- Open HOTSPOT.GIF in your image mapping package, as shown in Figure 3-5.
- With the circle tool selected, define a circle in the Hot Spot circle icon on the graphic as shown in Figure 3-6.
- After you've drawn the circle, notice the word [undefined] pop up in gray in the right portion of the screen. This is the place where you input your target HTML file. Simply move your mouse to the grayed-out word and double-click.
- The oddly shaped boxes created by the overlapping circle could be handled in a couple of ways. You could use the polygon tool, seen in Figure 3-8, to define the area accurately. Or you could use the rectangle tool shown in Figure 3-9 to define the area roughly.
- Select the rectangle tool to define the space within the largest box at the bottom. Click on the fourth highlighted area to define the space within this rectangle as TARGET4.HTML.
- Choose Save As from the file menu. You can safely save over the original version.
- Then choose Export As Text from the file menu. You get a dialog box like the one shown in Figure 3-10, asking you for the name. Take out the extra dot (.) that the program sticks in until you have a name that's acceptable in HTML, as shown in Figure 3-11.
These files need only be very simple files, but name them carefully so you can remember which is which. In this example, they're TARGET1.HTML, TARGET2. HTML, and so on: <HTML>
<TITLE>The target of all our exercises!</TITLE>
<H1><CENTER><TT>This is Target One </TT></CENTER></H1>
<H1><CENTER><IMG SRC="target.gif" WIDTH="212"
What you'll be doing in the image mapping utility is specifying areas to be defined as coordinates for a Web surfer to click to when on a Web site. So remember the names of the four target HTML files you create.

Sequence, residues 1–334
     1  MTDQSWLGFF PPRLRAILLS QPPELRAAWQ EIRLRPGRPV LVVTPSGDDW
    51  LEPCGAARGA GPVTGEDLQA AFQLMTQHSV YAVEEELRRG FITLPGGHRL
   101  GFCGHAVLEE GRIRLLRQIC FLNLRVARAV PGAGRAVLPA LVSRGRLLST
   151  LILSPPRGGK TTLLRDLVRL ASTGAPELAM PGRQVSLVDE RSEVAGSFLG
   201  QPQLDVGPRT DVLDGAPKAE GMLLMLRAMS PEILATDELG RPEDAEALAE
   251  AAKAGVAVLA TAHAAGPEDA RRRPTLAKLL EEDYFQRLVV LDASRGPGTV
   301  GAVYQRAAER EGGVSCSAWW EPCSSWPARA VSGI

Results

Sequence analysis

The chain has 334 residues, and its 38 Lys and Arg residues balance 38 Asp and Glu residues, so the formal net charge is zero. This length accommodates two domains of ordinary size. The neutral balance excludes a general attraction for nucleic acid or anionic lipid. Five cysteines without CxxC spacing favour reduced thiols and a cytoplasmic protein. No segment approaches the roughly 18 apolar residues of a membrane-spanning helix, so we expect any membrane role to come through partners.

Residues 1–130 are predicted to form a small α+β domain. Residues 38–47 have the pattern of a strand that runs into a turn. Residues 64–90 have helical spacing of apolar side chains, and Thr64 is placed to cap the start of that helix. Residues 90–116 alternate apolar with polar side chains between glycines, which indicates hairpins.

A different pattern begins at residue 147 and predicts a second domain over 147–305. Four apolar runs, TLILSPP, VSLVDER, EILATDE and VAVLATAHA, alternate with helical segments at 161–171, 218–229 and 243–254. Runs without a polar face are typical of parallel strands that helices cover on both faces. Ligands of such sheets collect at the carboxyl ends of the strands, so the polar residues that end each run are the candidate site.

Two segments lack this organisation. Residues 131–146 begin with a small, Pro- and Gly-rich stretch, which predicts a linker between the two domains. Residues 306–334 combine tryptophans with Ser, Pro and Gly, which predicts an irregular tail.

Don't worry if you don't get the circle in exactly the right place right away. When you stop drawing the circle, you'll notice a little handle on the bottom-right of the shape that you can grab to reshape the circle.
A dialog box like the one shown in Figure 3-7 appears, prompting you for the name of your target file.
That's pretty much it for the mapping part of image mapping -- easy enough to make early trepidation seem silly. Just two steps remain. You have to perform both a Save As and an Export As Text command for the image mapping to work once you actually have it in an HTML file, so . . .
Working with the mapped image
Now that you have your image mapped, it's time to do something with it.
Your image mapping utility -- WebMap or Mapedit -- will have saved a map file that includes all the calculations it saved you from doing. In the case of my hot spot file, it saved it to my HTML editor -- BBEdit -- by creating a text file that really could be opened in any text editor, such as a word processor or any type of text handling program. The resulting file looks like this:
# Created by WebMap 1.0.1
# Wednesday, April 30, 1997 at 7:36 PM
# Format: NCSA
circ target1.html 56,16 223,93